I see no visible leaders to lead Iranians in a revolution. Unless there are some that are not in the public eye, and by that fact alone they may never be able to lead. I was hoping for some leader out of the Army or even the Guard that had the guts to step up and lead, but it appears most all of them have already been jailed.

It has been hard (looking at history) even with a strong leader to have a revolution. Without one, I fear they have no real chance of starting or ever completing one.

Just more death, injuries and prison time is all I can foresee this time around. But there will be other times. They should start planning for them now.

Papa Ray
West Texas

Posted by: Papa Ray Author Profile Page at June 19, 2009 6:21 PM

You've got a busted URL in the link; there's a trailing underscore.

At first, I wondered if A'jad and his goons had somehow broken Blogspot...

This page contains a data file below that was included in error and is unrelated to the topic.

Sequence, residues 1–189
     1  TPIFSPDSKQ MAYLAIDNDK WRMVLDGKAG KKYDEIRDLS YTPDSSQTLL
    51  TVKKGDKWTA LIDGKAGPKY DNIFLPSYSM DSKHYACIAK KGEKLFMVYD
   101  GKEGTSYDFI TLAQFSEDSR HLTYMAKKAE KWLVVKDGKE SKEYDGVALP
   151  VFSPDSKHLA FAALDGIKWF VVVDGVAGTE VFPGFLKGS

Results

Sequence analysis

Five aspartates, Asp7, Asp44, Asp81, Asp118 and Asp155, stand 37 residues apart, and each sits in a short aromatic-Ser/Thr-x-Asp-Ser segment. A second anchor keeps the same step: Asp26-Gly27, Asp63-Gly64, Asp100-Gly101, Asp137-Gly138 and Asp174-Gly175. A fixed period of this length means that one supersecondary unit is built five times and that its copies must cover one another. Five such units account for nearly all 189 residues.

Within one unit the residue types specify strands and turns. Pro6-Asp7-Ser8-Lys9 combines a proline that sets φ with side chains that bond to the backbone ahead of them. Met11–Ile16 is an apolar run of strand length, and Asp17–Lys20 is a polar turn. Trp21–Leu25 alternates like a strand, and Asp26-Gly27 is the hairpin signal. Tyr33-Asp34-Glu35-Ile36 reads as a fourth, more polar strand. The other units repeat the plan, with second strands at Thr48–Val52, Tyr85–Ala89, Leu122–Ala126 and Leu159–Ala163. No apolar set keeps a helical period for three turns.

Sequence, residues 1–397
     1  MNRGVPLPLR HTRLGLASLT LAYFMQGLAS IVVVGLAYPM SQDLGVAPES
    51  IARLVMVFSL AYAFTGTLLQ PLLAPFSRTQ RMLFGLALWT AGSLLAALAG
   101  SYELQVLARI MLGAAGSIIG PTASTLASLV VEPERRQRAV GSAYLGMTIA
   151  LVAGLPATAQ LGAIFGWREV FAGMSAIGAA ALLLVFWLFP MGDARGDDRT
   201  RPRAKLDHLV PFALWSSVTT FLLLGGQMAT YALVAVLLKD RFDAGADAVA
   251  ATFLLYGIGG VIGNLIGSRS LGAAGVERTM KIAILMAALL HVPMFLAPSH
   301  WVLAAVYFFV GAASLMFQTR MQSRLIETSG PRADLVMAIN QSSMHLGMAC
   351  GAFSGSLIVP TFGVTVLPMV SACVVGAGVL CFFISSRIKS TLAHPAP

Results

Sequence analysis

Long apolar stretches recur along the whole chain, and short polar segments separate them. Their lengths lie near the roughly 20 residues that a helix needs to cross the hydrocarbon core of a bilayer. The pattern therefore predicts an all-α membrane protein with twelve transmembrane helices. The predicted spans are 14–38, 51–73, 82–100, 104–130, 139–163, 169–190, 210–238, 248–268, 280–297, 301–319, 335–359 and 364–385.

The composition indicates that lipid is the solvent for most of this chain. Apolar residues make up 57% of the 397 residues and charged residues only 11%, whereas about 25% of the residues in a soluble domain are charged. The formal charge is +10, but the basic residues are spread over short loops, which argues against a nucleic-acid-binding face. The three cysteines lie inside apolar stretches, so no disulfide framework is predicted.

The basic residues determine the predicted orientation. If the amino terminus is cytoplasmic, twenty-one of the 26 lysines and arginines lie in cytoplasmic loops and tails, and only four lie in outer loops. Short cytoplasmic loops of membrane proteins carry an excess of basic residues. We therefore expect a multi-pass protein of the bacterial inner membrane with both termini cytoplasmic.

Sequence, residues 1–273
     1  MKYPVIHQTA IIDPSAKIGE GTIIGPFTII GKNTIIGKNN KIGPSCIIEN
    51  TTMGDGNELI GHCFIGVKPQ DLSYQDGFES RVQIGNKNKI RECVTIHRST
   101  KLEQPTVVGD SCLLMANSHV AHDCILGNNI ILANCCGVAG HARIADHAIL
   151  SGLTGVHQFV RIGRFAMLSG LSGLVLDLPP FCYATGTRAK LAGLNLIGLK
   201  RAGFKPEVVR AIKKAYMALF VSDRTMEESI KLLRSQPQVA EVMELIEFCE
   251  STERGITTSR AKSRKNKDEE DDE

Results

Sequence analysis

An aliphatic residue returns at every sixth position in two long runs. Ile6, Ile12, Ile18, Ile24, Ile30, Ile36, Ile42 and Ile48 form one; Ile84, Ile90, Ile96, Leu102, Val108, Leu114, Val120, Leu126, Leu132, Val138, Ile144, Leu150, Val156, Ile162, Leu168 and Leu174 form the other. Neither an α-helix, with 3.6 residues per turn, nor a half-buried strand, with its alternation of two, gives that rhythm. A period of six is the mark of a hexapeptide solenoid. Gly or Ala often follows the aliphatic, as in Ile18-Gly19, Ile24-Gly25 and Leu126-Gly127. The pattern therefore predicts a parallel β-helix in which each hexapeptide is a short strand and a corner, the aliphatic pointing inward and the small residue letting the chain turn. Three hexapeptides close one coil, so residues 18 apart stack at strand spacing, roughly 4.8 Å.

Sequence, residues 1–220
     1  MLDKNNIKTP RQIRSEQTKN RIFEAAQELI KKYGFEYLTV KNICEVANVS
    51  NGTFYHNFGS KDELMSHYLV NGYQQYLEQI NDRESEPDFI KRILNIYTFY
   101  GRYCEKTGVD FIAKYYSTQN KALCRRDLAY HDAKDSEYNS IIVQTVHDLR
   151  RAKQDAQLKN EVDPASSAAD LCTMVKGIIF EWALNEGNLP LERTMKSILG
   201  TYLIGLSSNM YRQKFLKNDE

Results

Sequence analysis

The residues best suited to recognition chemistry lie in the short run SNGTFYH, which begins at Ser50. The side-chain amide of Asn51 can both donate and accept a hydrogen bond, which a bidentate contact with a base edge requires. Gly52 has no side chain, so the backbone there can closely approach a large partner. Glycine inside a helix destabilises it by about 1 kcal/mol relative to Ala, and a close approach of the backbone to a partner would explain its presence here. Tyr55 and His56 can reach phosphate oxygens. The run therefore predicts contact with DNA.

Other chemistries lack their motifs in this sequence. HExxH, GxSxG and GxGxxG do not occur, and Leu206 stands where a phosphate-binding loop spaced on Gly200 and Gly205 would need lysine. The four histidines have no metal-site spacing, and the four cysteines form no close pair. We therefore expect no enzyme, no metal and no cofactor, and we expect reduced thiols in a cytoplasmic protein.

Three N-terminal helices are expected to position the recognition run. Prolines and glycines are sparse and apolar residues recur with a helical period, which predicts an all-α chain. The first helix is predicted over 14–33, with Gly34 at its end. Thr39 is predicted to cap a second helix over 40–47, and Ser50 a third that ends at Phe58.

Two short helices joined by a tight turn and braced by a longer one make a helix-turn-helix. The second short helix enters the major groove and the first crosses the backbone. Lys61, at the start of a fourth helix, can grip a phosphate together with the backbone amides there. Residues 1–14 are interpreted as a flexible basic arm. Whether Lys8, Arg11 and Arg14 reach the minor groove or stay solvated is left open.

Posted by: Foobarista Author Profile Page at June 19, 2009 6:25 PM

Thanks, I got the link to work by deleting the underscore.

Listening to the second video on the page, I really didn't need to know the language.

It was clear to me from the anguish, pain and anger that came through to me...clear as a bell.

God help these people of Iran.

Papa Ray
West Texas

Posted by: Papa Ray Author Profile Page at June 19, 2009 6:53 PM

I have no doubt that what they want is not exactly what we have in the U.S. It seems though they do want a change and any change in an Islamic nation is a big step. Though how can they gain it?
The peaceful rallies must have the leaders quite bewildered, but that alone will not topple the leadership. How about work stoppage? Have the whole country grind to halt, especially in the oil fields. Could that do it?

Posted by: lions Author Profile Page at June 19, 2009 8:30 PM

I see no visible leaders to lead Iranians in a revolution.

Were there leaders to get this started, in the first place? Other than in the sense that some people acted, and others ran with it?

MUST there always be a man on a white horse to lead people? Is that REALLY the case, or is that idea mostly elitism (showing contempt for the idea of mere people actually thinking for themselves)?

Like a fire, this situation is taking on a life of its' own.
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Posted by: Paul_In_Houston Author Profile Page at June 19, 2009 8:31 PM

"MUST there always be a man on a white horse to lead people?"